The Miracle Worker “Works Wonders” at Actors Co-op

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From l, Bruce Ladd, Catherine Gray, Tony Christopher, Tara Battani, and Danielle Soibelman in Actors Co-op’s production of “The Miracle Worker.”

From l, Bruce Ladd, Catherine Gray, Tony Christopher, Tara Battani, and Danielle Soibelman in Actors Co-op’s production of “The Miracle Worker.”

Biographical drama and content, most well known on the A&E and History Channels, are truly my most favorite, as educational, enlightening forms of entertainment. Actors Co-op at the Crossley Theatre, Hollywood, comes through most effectively in this format with their current production, The Miracle Worker, starring Danielle Soibelman (Helen Keller); Catherine Gray (Kate Keller); Bruce Ladd (Captain Keller); Tara Battani (Annie Sullivan); and an amazing ensemble. The story reveals the incredible life of Helen Keller, and her most outstanding, saintlike teacher, Annie Sullivan.

Right from the start, the audience is in for a most dramatic, empathic performance, with sign language incorporated throughout the show, a subtle, tasteful touch. Helen is played by the precocious, highly talented young actress Danielle Soibelman, who plays quite the challenging role, taking on a “wordless” performance, with the same finesse as last year’s Oscar winning actors of The Artist. Battani gives a most compelling performance as Annie, the dedicated teacher who gives language and communication to the deaf, blind, and overprotected child, trying in any way to somehow break through. In referring to Helen, the dialogue goes: “She’s like a safe — locked, perhaps, there’s a treasure inside….”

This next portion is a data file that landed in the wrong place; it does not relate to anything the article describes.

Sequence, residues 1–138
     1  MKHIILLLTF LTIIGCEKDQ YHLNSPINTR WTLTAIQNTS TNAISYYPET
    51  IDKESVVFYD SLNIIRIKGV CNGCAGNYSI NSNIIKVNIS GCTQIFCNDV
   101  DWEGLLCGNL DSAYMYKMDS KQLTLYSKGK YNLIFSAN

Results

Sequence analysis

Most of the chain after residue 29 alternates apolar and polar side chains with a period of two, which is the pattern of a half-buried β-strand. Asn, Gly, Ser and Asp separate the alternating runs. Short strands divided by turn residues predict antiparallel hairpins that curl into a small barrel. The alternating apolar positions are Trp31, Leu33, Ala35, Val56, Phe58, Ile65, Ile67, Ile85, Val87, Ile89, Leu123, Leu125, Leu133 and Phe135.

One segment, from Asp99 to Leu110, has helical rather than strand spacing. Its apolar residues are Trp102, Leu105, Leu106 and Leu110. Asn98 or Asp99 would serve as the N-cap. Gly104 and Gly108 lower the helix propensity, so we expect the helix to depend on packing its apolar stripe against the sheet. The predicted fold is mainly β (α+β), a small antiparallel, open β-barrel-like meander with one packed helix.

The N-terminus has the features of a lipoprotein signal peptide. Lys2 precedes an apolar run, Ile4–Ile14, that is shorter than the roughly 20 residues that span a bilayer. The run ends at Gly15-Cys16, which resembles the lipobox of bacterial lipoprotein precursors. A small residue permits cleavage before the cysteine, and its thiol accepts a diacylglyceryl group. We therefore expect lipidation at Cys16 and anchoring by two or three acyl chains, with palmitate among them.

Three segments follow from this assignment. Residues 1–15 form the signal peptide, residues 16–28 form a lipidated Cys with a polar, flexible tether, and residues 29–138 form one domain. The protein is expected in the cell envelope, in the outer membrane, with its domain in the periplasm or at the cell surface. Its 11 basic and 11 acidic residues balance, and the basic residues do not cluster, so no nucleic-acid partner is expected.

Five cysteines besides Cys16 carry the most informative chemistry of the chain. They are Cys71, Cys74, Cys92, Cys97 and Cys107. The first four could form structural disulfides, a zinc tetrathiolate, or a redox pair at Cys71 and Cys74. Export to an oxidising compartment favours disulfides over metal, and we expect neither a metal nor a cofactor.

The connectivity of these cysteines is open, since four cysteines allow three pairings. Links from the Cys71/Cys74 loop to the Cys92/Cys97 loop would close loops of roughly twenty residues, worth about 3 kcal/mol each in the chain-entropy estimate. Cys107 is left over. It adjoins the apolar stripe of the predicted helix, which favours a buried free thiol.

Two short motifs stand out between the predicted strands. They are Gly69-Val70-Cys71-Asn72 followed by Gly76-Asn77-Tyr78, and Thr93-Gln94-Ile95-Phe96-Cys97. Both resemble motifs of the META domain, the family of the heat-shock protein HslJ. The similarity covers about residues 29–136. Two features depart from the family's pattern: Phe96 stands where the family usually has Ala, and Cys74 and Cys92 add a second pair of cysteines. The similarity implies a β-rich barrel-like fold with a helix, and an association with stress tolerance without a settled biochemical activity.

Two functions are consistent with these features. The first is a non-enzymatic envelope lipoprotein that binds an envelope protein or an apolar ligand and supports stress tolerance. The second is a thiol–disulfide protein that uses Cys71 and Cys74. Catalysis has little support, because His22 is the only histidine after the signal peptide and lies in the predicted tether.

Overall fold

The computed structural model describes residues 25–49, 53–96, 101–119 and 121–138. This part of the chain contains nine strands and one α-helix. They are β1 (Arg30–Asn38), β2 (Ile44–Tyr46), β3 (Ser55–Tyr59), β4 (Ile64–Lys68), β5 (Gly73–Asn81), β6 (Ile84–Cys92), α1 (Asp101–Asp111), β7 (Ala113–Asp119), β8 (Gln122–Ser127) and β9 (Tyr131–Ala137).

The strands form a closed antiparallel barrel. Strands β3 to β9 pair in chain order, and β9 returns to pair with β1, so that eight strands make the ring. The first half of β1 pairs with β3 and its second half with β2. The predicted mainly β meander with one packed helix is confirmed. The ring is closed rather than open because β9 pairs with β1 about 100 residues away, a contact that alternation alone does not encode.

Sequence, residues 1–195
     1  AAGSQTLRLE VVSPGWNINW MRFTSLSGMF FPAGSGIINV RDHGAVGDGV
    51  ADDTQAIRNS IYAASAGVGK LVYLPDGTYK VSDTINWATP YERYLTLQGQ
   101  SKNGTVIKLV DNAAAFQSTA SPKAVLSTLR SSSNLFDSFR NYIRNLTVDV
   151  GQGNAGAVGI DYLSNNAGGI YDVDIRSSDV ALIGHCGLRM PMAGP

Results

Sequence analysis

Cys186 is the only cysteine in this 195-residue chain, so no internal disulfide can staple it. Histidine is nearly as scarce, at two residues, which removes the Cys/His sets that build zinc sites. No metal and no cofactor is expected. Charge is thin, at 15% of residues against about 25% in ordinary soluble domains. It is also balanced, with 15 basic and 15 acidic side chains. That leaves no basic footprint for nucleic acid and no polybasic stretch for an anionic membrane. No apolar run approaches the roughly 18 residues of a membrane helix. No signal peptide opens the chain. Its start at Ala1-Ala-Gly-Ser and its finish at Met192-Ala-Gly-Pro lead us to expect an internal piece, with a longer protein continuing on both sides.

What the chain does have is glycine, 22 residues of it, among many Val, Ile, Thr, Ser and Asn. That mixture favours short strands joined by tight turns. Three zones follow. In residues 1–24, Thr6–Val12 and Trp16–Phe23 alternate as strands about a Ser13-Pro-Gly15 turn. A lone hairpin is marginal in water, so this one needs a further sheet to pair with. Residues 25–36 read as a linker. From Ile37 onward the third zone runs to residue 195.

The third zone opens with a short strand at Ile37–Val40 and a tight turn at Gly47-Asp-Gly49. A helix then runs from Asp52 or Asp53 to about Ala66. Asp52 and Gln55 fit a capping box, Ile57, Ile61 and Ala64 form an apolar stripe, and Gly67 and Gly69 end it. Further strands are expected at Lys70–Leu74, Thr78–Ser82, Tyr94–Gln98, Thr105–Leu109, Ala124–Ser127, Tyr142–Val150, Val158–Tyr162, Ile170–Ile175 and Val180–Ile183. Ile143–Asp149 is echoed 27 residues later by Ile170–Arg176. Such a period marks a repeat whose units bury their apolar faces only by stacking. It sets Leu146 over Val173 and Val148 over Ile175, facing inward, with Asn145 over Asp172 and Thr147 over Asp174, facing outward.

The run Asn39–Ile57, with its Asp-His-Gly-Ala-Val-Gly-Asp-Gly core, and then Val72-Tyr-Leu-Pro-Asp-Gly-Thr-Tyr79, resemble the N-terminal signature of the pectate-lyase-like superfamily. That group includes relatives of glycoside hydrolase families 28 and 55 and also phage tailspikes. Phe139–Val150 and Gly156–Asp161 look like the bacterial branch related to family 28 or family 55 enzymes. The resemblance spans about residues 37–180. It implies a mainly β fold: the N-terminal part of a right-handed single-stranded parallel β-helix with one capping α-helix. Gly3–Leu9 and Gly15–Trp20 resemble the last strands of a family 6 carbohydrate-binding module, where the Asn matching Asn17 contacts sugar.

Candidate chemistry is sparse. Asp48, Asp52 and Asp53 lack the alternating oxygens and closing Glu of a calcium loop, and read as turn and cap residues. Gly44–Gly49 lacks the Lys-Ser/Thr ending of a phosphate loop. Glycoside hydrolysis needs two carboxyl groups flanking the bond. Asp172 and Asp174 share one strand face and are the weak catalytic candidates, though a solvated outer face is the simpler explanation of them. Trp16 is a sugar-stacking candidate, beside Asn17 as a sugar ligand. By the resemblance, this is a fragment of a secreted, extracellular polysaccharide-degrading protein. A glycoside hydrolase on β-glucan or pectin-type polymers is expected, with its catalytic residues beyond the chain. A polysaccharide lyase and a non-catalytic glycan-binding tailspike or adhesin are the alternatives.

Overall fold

A teacher par excellence, at the level of Jaime Escalante, Annie Sullivan has been a universal inspiration throughout generations, and The Miracle Worker succeeds in bringing this miraculous story to life onstage.

“To seek sympathy rather than remedy is a recipe for misery … First, last, and in between … is language.” This story supports these sentiments and reveals that it is indeed possible to work wonders and miracles. In the words of Theodore Herzl, “If you will it, it is no dream….” Helen Keller defied the odds, enhanced her senses to their fullest potential, and was able to lead a productive, healthy life, a true role model for all, both children and adults. The entire ensemble pulls together to carry this production, with engaging scenes, filled with serio-comedy.

The Miracle Worker runs through May 19 at the Actors Co-op Crossley Theatre located at 1760 N. Gower St. on Fridays and Saturdays at 8 p.m.; and Sundays at 2:30 p.m. For tickets visit ActorsCo-op.org or call (323) 462-8460 ext. 300.

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